An afternoon of discursive pleasures: Edward Clydesdale-Thomson invited four artists for  a round -table discussion on the politics of representation. A collection of edited audio described film scenes will be screened.

Audio description for the cinema is a way to allow a blind or visually impaired public to follow, and hopefully enjoy, the experience of going to the cinema. Unlike the more common audio description found on DVD’s and increasingly on television broadcasting, audio description for the cinema encourages accessibility in a public arena rather than the home. Audio description lays down an additional soundtrack over the original film, which uses verbal description as a substitute to the visual image. The method in which each film is described varies greatly depending on the film in question. Within the discussion audio description will be covered both in this existing form and explored in its inherent potentials.

Three artists have been asked to give a statement in the form of a presentation of their work. A show-reel of edited sections of audio described film will then be screened. After which the discussion will be opened up to the public, as the panel discuss their differing attitudes and focus on an attempt to formulate a statement verbalising the position and potential of audio description within the politics of representation.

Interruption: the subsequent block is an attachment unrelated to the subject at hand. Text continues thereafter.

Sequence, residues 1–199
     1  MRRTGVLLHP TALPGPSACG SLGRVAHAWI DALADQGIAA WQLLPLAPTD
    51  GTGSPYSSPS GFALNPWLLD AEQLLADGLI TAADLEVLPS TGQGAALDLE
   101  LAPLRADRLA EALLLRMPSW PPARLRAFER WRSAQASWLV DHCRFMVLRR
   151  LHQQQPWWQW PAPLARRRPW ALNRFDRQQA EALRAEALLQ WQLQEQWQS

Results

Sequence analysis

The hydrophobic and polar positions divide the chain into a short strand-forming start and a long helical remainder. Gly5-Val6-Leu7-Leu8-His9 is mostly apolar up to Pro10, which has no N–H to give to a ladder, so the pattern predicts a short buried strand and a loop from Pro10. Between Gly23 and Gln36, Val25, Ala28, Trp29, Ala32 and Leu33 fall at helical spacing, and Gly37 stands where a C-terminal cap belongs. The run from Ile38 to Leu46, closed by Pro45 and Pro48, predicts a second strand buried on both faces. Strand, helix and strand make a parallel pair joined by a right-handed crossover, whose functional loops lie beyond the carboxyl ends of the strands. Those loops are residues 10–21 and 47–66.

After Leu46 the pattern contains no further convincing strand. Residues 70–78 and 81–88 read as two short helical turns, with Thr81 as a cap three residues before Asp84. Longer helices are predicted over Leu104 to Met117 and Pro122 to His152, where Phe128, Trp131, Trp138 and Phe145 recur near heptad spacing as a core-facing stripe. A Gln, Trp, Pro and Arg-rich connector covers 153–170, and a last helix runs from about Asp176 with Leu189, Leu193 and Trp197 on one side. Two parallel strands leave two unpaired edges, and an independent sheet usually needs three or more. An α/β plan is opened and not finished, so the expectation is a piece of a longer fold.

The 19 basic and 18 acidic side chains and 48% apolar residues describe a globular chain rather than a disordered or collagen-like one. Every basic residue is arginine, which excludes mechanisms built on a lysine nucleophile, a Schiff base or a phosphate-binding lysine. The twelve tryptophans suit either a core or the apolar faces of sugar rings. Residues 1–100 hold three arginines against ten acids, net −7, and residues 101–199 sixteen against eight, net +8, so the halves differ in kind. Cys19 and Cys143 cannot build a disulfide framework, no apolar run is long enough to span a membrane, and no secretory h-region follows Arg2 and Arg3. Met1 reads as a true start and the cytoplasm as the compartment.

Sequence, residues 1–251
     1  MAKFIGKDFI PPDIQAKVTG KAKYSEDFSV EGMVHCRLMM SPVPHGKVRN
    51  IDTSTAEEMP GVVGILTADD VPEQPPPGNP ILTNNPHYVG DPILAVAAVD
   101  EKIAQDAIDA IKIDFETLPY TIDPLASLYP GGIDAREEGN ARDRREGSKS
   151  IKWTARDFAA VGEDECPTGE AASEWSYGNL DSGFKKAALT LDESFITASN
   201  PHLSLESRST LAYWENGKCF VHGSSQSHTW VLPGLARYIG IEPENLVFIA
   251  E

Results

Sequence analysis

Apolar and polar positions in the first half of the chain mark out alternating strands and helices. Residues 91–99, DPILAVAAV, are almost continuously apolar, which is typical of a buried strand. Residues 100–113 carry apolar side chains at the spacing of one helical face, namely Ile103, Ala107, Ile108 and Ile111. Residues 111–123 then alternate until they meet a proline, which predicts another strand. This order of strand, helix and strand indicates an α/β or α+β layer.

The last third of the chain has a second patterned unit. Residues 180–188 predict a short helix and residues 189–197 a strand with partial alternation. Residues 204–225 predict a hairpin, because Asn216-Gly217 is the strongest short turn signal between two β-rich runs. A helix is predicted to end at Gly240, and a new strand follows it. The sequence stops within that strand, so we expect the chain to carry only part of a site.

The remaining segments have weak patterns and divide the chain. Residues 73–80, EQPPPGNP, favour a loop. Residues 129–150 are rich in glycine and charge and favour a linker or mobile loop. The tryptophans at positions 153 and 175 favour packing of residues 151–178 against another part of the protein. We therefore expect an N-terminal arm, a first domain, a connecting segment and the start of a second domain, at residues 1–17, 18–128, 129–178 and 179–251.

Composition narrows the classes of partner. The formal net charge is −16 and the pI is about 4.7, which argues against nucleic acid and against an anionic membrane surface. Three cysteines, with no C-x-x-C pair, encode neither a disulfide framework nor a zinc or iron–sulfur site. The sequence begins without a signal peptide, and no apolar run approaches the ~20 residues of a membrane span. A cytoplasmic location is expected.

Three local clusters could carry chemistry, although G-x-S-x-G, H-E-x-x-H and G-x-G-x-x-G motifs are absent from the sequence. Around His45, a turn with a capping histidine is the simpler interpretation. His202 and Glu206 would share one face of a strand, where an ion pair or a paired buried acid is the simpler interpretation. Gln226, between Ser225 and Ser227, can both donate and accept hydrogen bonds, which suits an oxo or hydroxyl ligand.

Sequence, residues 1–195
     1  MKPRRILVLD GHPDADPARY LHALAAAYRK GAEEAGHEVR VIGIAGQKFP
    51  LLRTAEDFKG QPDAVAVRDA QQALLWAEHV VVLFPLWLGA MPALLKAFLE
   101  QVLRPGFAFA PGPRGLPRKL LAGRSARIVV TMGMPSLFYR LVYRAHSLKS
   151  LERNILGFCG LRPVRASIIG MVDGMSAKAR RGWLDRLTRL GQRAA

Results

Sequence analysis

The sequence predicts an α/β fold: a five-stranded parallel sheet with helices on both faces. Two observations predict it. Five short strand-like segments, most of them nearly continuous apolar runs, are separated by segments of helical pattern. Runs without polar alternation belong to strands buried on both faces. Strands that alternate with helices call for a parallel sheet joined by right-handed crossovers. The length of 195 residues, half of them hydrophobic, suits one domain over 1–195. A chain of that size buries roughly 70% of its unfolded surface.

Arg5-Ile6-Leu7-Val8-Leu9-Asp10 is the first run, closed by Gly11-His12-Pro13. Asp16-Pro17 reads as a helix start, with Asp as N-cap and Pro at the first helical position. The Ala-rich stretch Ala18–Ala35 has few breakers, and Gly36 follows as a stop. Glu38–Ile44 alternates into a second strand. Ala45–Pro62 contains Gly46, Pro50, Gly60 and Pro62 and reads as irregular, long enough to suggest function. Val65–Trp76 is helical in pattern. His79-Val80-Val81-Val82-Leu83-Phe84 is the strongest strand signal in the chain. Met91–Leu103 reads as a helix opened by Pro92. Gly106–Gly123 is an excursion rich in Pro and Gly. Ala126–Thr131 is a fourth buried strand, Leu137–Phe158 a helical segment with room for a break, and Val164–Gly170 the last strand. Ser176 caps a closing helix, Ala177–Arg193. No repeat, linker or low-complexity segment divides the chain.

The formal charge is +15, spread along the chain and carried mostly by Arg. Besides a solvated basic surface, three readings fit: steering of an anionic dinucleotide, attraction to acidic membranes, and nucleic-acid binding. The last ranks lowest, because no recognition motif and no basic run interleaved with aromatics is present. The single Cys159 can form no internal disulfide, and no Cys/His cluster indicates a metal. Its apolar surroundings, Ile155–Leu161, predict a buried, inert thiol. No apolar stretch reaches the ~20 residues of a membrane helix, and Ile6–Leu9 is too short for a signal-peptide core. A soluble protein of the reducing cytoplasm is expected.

The artists on the panel are: Sjoerd Westbroek, whose practice focuses on the language of drawing, in an elastic manor he examines the mediums great paradox; that the moment something is depicted, that thing disappears behind the opaque surface of the drawing. Ruth Legg, whose multifaceted practice is an exploration of the potential that lies in exhaustion, her works with lucid irony both defy and defend the banality of their material. Deirdre Donoghue, whose films explore the nature of memory, as an act that unfolds within social encounter, illustrating its ambiguity and instability, simultaneously being created and recalled.

Due to the natural size constraints of a round table places are limited. To book a seat or for more information please write to



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February Open Office For Words

February 2, 2009

February '09 / Open Office